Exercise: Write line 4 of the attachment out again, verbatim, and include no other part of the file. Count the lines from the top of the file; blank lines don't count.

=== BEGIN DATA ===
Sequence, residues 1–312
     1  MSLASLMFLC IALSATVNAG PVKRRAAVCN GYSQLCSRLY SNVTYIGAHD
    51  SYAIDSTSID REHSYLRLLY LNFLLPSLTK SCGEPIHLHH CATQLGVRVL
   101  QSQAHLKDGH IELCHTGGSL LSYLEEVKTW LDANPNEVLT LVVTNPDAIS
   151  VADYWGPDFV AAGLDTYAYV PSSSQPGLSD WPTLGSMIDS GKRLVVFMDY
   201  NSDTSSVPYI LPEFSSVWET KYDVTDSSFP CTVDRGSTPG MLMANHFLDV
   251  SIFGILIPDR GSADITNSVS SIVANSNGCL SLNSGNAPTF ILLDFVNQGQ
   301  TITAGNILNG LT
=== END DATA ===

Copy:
   101  QSQAHLKDGH IELCHTGGSL LSYLEEVKTW LDANPNEVLT LVVTNPDAIS